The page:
The first characteristic of a bond is its face, or par value. This
represents the amount of principal that a bondholder will receive at maturity, and is
also the value that that a bond is issued for at the time that a company or government
first sells them. The majority of corporate bonds today carry a face value of $1,000, but
may vary by issuer
The Market Value:
Although a bond may have a face value of $1000, it may not sell at
$1000 in the bond market. If the issuing company is not doing well financially, its bonds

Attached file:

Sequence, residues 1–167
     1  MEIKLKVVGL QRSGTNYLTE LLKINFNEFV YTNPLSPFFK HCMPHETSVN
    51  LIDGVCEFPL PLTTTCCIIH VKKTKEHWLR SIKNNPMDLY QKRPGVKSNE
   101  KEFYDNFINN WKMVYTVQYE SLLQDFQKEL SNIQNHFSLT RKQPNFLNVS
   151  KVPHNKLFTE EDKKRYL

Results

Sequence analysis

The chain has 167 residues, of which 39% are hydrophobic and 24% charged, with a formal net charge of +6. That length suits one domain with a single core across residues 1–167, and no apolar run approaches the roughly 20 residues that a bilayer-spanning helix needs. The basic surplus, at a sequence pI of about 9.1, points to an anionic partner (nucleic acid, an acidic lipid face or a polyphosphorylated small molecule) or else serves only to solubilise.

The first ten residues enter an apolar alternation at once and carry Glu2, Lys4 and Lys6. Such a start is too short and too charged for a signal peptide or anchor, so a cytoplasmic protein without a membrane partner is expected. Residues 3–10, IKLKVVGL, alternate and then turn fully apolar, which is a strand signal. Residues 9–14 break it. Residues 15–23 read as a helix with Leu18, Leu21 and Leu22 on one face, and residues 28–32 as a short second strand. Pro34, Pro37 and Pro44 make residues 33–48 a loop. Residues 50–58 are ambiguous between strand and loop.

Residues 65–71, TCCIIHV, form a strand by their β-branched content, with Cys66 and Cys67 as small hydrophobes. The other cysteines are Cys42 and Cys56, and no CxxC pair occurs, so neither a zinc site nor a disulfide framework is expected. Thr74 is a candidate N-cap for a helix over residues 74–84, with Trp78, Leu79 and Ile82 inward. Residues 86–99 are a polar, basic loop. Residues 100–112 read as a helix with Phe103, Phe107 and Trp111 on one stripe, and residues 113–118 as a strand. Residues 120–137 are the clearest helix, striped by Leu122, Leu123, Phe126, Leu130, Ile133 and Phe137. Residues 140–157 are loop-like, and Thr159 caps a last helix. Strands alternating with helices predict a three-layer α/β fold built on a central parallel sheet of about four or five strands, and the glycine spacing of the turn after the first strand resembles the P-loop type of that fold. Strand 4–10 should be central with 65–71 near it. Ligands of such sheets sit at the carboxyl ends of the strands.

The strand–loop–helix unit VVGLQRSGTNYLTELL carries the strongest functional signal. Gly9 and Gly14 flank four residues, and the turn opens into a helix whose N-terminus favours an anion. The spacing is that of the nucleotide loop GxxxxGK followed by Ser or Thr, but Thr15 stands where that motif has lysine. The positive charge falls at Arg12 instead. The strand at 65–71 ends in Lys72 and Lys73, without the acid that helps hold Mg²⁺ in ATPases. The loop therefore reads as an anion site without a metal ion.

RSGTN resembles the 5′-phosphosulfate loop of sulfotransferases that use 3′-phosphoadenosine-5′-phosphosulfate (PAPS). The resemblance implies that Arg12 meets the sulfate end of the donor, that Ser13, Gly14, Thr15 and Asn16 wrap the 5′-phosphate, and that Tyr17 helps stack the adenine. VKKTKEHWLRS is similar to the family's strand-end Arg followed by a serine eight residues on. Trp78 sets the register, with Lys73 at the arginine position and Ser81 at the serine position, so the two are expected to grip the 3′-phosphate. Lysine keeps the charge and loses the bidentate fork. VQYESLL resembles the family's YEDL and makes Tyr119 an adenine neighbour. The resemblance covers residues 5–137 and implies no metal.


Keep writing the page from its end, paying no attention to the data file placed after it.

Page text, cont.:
may sell for less than $1000, perhaps at $950; the bond is selling at a discount. If the
market value of the bond is more than $1,000, and then it is selling at a premium . A
bond, which is priced at its face value, is selling at par.
A bond’s coupon rate is the amount of interest income it earns each year
based on its face value.